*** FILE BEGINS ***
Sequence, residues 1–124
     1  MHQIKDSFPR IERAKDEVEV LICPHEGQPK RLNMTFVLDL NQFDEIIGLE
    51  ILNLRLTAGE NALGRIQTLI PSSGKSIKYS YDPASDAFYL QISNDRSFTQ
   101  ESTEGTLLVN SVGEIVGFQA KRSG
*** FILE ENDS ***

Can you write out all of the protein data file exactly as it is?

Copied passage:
Sequence, residues 1–124
     1  MHQIKDSFPR IERAKDEVEV LICPHEGQPK RLNMTFVLDL NQFDEIIGLE
    51  ILNLRLTAGE NALGRIQTLI PSSGKSIKYS YDPASDAFYL QISNDRSFTQ
   101  ESTEGTLLVN SVGEIVGFQA KRSG